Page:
“In the current context, a specific concern is that the total number of housing units under construction has been increasing and is now well above its historical average relative to the population,” the central bank said in its financial system review.
Today, as The Globe and Mail’s Barrie McKenna reports, the Bank of Canada again voiced in concern over the vulnerability of consumers to “economic shocks,” such as a housing bust or a spike in unemployment.
“If the upcoming supply of units is not absorbed by demand as they are completed over the next 18 to 36 months, the supply-demand imbalance will become more pronounced, increasing the risk of a sudden correction in prices”
That, in turn, could pressure house prices in general, which itself would spread through the broader economy.
“This would likely lead to a decline in housing activity, adversely affecting household incomes
and employment, as well as confidence and household net worth, which would in turn reduce household spending,” the Bank of Canada said.
“As the declines in incomes and employment impair households’ ability to service their debt, loan losses at financial institutions would likely rise. These effects may be amplified by tighter borrowing conditions as lenders come under increased stress. These interrelated factors would further dampen economic activity and add to the strains on household and bank balance sheets. They may also cause house prices to fall below the level required to correct any initial overvaluation.”
I wanted to add in Consumer confidence, which I suppose is tightly associated with most of the above factors (income/unemployment/debt level/macro factors). While searching for articles linking consumer confidence with housing price, this article popped up high on google's search result list:Self-reinforcing effects between housing prices and credit - Evidence from Norway Mostly over my head, even more so at 2am, but managed to read the conclusion. Looks like it's describing the "self-reinforcing" cumulative effect of credit and housing prices (formation of bubble), and how consumer confidence is a major variable determining short-term home price movements.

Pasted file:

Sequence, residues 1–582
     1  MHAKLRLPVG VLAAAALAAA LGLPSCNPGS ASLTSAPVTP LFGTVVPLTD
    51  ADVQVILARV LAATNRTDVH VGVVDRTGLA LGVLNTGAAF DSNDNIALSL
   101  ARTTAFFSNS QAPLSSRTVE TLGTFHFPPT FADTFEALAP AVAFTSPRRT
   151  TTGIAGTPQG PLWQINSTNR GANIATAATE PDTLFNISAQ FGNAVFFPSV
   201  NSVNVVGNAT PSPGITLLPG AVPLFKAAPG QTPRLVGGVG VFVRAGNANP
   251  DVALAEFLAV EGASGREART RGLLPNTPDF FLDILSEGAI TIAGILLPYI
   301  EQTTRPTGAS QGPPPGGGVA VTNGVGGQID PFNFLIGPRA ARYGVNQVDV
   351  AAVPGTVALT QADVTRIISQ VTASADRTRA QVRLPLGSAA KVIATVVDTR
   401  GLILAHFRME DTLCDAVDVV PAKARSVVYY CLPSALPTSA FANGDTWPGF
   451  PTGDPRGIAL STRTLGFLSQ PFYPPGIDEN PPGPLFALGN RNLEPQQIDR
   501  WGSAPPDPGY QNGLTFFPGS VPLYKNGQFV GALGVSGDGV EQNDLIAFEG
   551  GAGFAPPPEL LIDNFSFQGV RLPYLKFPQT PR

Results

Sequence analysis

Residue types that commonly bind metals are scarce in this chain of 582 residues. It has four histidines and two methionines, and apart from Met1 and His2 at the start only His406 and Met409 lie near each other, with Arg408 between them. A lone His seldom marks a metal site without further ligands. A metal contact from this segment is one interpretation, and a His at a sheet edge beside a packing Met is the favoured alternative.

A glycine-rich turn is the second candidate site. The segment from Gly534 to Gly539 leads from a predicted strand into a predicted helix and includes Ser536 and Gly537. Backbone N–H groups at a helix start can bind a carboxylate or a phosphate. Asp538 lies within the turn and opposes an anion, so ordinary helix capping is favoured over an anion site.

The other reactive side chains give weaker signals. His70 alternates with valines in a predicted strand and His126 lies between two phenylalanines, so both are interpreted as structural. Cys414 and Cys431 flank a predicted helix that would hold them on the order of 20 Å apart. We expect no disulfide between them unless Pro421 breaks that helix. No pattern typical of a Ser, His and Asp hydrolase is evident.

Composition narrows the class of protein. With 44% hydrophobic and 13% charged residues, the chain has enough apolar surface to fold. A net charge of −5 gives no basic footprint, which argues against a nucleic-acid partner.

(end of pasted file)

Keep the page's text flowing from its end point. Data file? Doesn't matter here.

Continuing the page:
That led me to wonder, if multiple negative factors (credit tightening, income stagnation, unemployment, high debt, poor national/global econ outlook) coexist, perhaps a self-reinforcing cycle of RE-depreciation and further-decreased credit availability will emerge in Canada - unless the government steps in to break the negative cycle (not likely in near future as reducing household debt level seems to be Flaherty's main goal).. 2013 might very well be the year for the self-reinforcing "financial decelerator" to kick in, a.k.a "bursting of a bubble"..